The report by the Commissioner and Registrar of Cooperatives, Dinesh Aaulkar, has said the Maharashtra State Cooperative Bank (MSCB) had to suffer losses of over Rs 1,500 crore due to the decisions and actions of the erstwhile Board of Directors during three financial years since 2007-08.
While NCP's Manikrao Patil was the chairman of the board at that time, Ajit Pawar, nephew of party chief and former Union Minister Sharad Pawar, was one of the directors.
Other directors included former Deputy CM Vijaysinh Mohite Patil, Amarsinh Pandit, Yasvantrao Gadakh (NCP), Diliprao Deshmukh, Manikrao Kokate, Ramprasad Bordikar and Rajani Patil (Congress). Though names of Anandrao Adsul (Shiv Sena) and Pandurang Phundkar (BJP) also figured in the list, the Board of Directors was dominated by leaders from Congress and NCP.
Secretary, Department of Cooperation, Rajgopal Deora said Aaulkar has issued orders for initiating proceedings under section 88 of the Maharashtra Co-operatives Act 1960 to fix accountability for the financial losses to the bank and from whom to recover the losses.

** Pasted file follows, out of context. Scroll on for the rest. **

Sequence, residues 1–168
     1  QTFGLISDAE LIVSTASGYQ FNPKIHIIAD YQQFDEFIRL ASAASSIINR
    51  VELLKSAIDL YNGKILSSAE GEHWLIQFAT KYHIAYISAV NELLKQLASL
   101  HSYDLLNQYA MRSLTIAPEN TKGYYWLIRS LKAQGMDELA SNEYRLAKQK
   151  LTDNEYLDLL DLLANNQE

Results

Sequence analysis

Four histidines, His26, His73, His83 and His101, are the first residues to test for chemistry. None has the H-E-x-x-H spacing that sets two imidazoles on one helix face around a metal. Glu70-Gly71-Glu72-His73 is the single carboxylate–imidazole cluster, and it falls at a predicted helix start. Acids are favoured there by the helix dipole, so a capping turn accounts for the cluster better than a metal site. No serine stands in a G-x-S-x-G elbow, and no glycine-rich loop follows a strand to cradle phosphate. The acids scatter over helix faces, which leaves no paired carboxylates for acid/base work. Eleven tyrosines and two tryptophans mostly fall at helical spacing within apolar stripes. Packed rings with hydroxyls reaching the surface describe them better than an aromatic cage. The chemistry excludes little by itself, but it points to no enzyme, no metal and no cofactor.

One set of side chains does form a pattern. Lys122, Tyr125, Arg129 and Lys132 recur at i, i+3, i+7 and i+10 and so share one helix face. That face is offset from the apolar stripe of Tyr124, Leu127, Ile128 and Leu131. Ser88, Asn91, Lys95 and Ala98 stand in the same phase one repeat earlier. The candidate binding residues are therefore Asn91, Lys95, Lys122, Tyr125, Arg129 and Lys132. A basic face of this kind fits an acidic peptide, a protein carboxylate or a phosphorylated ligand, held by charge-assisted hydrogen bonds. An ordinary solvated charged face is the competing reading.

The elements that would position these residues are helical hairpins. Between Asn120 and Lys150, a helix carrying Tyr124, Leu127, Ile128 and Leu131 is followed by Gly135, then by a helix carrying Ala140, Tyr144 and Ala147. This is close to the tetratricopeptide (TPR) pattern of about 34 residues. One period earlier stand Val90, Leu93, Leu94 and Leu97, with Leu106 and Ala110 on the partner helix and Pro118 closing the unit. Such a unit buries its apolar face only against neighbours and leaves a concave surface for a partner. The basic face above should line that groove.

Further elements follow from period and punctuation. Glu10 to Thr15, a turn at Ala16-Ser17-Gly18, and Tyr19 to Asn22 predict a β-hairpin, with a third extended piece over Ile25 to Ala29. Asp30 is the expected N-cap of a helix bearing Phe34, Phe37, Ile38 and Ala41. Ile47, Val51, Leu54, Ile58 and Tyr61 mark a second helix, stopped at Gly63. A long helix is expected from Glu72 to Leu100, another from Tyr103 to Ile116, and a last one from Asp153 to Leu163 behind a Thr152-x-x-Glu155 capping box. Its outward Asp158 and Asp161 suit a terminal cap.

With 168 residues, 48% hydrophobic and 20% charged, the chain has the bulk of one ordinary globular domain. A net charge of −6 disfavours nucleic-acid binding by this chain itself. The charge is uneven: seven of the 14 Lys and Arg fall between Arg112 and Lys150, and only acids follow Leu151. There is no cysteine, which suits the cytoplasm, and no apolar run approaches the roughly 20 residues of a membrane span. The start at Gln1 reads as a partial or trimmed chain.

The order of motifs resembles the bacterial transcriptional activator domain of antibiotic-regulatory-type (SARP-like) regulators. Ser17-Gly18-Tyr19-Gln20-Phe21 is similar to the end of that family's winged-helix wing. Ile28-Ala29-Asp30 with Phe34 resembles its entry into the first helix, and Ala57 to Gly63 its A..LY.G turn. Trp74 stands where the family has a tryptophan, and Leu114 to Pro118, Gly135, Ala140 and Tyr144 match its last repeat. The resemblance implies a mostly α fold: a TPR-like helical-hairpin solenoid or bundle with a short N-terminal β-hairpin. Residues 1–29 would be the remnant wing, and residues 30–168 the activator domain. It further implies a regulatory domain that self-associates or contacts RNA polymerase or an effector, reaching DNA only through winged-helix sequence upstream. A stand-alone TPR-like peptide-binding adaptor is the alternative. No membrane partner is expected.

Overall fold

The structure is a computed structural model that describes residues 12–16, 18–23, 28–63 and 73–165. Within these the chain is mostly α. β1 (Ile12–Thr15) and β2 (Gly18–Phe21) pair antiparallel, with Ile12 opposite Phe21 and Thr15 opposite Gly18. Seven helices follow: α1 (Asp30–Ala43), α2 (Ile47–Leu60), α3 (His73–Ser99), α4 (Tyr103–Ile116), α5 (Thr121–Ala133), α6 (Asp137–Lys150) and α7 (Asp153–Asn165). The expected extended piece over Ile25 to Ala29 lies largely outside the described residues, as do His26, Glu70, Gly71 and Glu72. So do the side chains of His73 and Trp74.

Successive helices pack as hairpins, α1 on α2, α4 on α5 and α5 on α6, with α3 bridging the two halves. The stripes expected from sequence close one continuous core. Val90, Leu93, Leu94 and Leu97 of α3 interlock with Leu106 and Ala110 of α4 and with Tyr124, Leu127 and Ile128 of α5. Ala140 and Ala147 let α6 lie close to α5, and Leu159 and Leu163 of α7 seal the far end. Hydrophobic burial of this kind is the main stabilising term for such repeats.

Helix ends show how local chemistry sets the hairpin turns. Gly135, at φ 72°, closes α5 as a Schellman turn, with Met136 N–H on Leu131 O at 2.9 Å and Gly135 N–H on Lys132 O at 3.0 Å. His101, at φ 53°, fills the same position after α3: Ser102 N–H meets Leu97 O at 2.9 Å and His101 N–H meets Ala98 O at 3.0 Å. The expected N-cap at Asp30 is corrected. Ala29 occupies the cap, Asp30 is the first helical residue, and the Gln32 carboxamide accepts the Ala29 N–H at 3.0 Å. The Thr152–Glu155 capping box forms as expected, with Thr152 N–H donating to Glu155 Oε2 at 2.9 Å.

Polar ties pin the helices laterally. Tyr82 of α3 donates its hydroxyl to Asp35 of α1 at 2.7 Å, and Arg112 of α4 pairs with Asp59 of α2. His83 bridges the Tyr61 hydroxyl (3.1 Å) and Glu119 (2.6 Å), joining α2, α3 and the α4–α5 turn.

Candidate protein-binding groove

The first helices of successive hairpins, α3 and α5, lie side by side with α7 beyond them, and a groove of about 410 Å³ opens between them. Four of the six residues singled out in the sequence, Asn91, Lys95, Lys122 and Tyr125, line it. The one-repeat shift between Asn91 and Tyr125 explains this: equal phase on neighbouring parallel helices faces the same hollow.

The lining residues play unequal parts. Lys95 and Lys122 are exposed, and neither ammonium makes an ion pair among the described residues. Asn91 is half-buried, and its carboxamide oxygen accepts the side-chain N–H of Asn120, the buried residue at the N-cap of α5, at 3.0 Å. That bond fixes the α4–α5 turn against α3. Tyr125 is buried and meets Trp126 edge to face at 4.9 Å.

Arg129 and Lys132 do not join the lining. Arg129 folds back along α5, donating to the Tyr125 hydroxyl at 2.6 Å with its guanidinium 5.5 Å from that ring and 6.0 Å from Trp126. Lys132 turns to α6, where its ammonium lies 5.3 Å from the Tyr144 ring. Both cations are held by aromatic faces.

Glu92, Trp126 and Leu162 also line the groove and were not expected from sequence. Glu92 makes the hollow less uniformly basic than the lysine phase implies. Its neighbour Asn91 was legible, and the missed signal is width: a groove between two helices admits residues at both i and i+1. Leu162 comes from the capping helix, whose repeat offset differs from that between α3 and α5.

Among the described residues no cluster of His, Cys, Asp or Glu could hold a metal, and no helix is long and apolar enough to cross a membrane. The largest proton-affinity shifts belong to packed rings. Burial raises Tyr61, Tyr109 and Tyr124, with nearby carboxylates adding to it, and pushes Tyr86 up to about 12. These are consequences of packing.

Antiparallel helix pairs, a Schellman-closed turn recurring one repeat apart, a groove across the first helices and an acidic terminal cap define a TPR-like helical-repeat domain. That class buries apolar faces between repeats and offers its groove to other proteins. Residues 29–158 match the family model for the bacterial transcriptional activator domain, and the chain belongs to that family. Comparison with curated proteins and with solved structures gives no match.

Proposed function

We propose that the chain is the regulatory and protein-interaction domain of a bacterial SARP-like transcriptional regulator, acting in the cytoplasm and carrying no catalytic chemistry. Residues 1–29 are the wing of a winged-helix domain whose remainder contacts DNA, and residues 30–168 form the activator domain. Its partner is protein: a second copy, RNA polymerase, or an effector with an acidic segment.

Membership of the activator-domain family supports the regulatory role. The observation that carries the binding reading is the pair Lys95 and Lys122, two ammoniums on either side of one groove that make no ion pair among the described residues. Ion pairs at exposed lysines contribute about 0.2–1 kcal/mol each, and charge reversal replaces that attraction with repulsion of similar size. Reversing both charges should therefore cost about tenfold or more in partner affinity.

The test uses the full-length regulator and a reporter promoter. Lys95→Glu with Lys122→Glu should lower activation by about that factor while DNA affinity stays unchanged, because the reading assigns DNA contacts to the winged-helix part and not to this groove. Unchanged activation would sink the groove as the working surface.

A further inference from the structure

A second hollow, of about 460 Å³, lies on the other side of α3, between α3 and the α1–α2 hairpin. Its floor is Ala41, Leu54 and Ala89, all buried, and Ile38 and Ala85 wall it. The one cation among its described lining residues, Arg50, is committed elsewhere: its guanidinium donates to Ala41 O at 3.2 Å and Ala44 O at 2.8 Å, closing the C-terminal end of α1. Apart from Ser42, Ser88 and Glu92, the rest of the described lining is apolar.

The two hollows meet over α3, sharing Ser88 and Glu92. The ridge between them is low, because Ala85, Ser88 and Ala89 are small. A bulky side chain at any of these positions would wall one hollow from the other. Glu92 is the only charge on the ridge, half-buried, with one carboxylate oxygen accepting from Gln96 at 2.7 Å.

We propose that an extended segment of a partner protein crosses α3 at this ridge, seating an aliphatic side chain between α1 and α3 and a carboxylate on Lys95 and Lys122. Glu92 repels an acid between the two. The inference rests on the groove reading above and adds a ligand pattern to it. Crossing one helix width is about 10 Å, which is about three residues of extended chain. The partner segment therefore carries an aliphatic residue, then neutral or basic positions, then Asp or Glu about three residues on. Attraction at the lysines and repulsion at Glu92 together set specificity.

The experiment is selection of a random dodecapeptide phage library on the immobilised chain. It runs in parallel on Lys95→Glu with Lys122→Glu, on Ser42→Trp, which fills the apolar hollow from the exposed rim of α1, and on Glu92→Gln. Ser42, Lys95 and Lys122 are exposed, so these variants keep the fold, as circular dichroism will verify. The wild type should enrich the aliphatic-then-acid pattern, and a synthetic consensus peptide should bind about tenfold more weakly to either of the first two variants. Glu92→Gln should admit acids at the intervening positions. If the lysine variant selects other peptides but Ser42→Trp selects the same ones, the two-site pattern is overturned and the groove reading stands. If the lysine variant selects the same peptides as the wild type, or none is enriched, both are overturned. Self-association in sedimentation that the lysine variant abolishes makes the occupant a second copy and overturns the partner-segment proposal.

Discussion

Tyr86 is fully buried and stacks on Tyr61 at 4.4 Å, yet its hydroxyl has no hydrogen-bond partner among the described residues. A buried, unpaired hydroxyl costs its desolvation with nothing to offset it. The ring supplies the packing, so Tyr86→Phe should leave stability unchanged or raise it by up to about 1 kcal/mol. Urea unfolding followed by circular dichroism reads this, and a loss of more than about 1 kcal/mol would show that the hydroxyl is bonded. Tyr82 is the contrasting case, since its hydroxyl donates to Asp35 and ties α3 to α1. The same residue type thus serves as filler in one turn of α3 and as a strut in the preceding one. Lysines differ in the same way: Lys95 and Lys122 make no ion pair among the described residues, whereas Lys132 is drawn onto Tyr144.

Aaulkar has appointed Additional Registrar Shivaji Pahinkar to initiate the proceedings to fix accountability and submit a report in three months.
Asked if criminal proceedings too could be initiated against those found responsible, Deora said any decision in this regard could be taken by the management of the bank alone.
The Reserve Bank of India had dissolved the Board of Directors of the bank in 2011 after it was found having high negative worth and put the control of the management under administrators. Under the administrators, the bank is now out of the red.
There were accusations that non-performing assets (NPA) of the bank had soared following extension of loans in violation of norms to various cooperative societies controlled by politicians who did not pay back.
The report, which was submitted last week, comes at a time when the ruling alliance is smarting from the drubbing it received in the recently concluded Lok Sabha elections and barely months before it faces state assembly polls.